You may have noticed that in the primary dimensions for Traffic acquisition, the term “Session” is incorporated in the dimension name to depict a user’s most recent session. Similarly, in User acquisition, the term “First User” is included to describe how you initially acquired the user.
With that being said, let’s dive into an example that’s benefited many of our clients!
To effectively analyze campaign data, there are a few steps you should follow. It’s convenient to keep the campaign link handy with all the UTM parameters you’ve used to launch it.
For this example, let’s dive into the Traffic acquisition report. By default, the primary dimension is set to “Session default channel group”. However, if you switch this to “Session campaign” and add a secondary dimension of “Session source / medium”, you can now gain insights into the performance of your campaign.
Keep in mind that the search bar filter is directly linked to the primary dimension selector, in this case “Session campaign”. So, if you want to narrow down the data you’re viewing, enter the name of the campaign from the URL, like utm_campaign=your_campaign_name.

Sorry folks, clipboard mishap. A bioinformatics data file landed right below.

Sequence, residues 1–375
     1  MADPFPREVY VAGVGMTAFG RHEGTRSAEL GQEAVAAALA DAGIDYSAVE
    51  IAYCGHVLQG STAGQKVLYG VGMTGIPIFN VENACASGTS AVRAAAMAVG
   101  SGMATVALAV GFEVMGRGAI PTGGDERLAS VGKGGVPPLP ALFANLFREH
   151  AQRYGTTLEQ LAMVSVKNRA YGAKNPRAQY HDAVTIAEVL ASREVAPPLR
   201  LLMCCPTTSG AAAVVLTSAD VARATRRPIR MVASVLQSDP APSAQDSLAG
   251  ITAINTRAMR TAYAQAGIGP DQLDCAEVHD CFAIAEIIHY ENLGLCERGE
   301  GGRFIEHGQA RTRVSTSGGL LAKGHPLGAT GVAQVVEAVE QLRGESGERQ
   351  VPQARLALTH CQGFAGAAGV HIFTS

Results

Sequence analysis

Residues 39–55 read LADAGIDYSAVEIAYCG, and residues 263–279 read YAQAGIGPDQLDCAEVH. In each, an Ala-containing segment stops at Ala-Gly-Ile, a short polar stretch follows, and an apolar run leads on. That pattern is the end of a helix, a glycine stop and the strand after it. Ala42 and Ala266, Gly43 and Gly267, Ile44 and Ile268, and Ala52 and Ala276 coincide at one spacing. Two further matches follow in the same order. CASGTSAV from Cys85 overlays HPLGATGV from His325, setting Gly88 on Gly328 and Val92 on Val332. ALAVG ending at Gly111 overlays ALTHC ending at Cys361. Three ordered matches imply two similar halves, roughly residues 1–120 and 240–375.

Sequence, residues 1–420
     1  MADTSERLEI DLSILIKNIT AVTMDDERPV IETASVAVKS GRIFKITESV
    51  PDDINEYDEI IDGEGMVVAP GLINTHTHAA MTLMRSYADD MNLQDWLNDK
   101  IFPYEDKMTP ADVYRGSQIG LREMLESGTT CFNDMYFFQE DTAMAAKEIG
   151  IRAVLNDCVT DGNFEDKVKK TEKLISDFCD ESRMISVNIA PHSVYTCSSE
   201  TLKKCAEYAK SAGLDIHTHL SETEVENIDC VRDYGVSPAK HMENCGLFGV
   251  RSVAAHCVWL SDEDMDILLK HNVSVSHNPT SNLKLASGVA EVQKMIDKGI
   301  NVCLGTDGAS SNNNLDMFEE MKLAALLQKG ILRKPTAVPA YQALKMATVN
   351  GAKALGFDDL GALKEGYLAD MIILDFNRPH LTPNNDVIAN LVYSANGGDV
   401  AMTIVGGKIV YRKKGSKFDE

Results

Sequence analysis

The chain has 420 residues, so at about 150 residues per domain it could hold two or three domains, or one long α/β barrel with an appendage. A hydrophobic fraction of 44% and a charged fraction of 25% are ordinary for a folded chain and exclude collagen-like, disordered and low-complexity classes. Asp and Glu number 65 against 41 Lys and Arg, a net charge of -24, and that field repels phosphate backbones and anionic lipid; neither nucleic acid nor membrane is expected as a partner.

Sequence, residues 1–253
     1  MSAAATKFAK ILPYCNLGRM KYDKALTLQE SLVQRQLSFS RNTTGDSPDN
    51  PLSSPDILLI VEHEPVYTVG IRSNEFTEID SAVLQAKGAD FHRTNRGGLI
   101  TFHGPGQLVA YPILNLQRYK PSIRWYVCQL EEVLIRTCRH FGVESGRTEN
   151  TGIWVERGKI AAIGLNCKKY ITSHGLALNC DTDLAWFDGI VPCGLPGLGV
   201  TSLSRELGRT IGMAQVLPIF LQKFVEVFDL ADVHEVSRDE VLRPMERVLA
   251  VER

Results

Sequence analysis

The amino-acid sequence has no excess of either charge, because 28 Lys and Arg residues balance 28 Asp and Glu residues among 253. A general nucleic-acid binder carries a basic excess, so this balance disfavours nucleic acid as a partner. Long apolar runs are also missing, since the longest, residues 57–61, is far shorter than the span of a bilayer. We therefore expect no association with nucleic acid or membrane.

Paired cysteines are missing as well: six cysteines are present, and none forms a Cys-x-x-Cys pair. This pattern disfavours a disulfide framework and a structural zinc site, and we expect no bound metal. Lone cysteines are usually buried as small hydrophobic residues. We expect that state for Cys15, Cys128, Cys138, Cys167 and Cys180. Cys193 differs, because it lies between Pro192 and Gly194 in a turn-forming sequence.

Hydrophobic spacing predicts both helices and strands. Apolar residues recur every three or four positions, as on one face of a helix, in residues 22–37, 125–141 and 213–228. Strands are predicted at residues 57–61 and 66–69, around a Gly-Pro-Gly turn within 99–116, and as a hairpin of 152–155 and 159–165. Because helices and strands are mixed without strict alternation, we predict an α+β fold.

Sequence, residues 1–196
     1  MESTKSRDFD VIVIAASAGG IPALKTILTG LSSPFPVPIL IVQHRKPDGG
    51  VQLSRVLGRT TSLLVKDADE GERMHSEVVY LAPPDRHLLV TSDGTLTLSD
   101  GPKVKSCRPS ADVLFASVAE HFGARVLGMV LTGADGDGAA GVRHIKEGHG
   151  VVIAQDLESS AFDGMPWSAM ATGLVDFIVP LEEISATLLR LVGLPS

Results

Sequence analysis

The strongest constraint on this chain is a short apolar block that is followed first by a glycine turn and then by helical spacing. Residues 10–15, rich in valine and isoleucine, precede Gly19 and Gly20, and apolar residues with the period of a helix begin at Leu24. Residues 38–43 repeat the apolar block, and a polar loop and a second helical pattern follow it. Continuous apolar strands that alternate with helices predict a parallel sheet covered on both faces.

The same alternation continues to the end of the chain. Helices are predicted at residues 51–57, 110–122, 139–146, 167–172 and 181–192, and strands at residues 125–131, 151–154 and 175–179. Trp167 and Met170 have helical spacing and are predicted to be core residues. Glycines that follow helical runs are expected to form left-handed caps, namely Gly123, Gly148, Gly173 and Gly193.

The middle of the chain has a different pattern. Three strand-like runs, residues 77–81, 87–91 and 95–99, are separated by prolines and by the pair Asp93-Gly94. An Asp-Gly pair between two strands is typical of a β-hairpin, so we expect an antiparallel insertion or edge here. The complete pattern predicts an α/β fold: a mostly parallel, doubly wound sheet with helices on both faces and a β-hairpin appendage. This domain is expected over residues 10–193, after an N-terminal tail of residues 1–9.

And there you have it! Now, you can easily track specific key performance indicators (KPIs) associated with your campaign. This includes insights such as the number of conversions it generated (provided you have conversion tracking set up), the total number of sessions it attracted, and the average engagement time per session. These metrics offer valuable insights into the success and impact of your campaign.
Analyzing the Landing page report is key to understanding your website’s success. It highlights your top-performing pages as well as areas that need improvement, showing you the first page a visitor lands on when they visit your website.
Keep in mind that the “Landing page + query string” dimension value won’t display the full URL, rather it will show you the page path and query string associated with the first pageview in a session.
If you’re tracking multiple subdomains and can’t tell which paths are coming from which subdomain, you can add a secondary dimension of “Hostname”. By doing so, you will be able to tell the difference between the various subdomains you may be tracking.